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Larry Fink's job is safe, but BlackRock's image is not

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Dec 7, 2022

Larry Fink speaking at the Dealbook event earlier this month. Photo: Thos Robinson/Getty Images for The New York Times

Activist hedge fund Bluebell Capital Partners sent a letter to BlackRock’s board on Nov. 10 that accused BlackRock of being inconsistent in its practices, demanding a review of its ESG stance, and calling for CEO Larry Fink to step down.

Why it matters: The campaign will pour gas on the conflict-of-interest fire that has simmered under the asset manager for a while now, and it will be more than an annoyance.

Reality check: Bluebell wants Fink fired, but with a stake worth 0.01% and a fund of only a few hundred million dollars, they don't have the votes or the power.

  • The focus on Fink as a CEO is a distraction. Over several decades, he has built BlackRock into the world's biggest asset manager, and created huge amounts of value for shareholders.
  • Plus, to unseat a CEO this way, you need support from big shareholders, and looking at BlackRock's top holders, they're as institutional as they get, and they're probably not complaining given the inflows and share price gains.

Yes, but: BlackRock does promote ESG principles, and certain funds invest in fossil fuels. Therein lies the rub.

Context: Small activists have driven big changes before. Bluebell drove a campaign for change against France's dairy giant Danone and, in the end, the CEO stepped down.

  • But Danone's CEO was already under fire, and he hadn't driven nearly the amount of value that Fink has as BlackRock's leader.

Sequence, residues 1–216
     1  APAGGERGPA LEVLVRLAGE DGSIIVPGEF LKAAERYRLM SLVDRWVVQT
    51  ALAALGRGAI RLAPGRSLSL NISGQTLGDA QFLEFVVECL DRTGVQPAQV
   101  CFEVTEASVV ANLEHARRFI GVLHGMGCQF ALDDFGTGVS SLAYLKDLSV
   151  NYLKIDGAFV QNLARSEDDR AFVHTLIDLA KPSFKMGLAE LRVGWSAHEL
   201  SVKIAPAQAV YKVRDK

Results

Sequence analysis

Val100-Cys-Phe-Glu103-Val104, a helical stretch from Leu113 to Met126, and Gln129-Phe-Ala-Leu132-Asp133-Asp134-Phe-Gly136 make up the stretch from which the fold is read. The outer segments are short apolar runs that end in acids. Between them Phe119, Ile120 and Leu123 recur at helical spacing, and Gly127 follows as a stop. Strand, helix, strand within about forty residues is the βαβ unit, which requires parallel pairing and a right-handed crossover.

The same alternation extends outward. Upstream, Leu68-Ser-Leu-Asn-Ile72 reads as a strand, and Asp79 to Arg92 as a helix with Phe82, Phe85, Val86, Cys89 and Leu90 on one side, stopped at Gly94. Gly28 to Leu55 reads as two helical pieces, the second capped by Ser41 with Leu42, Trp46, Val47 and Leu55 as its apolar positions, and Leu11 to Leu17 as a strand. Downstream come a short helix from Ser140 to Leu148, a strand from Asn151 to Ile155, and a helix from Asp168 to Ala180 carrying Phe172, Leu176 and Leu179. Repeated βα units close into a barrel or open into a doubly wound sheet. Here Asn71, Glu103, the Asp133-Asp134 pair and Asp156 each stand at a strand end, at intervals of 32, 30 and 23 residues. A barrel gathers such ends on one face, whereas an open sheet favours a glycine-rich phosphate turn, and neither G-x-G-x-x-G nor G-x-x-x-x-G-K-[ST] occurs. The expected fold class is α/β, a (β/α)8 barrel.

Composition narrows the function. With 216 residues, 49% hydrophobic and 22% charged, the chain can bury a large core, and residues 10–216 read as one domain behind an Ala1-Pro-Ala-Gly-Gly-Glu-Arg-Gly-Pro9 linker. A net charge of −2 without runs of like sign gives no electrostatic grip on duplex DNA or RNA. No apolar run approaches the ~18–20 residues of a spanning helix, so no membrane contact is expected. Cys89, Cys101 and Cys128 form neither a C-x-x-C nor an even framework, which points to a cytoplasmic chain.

Zoom in: Fink's job security aside, he is in a pickle.

  • The simple fact is that while Fink has for years held up climate change as a top priority, and said over and over that "climate risk is investment risk," his company’s funds continue to have exposure to fossil fuel companies.
  • And as Bluebell points out, BlackRock has spurned certain pro-ESG campaigns that the hedge fund has led, feeding further its thesis that the asset manager speaks out of both sides of its mouth.

The bottom line: Conservative politicians have been after Fink and BlackRock for at least a year now, calling his brand "woke capitalism" and saying it goes against investor interest.

  • Now BlackRock has an activist coming at it from the left side but pointing to conflicts of pushing an ESG friendly investment plan while holding shares in big oil.
  • BlackRock stands by its fiduciary duty.

👀 What we're watching: Like so many activist campaigns, no matter how big the hedge fund, Fink and BlackRock will be engaged in a PR war.

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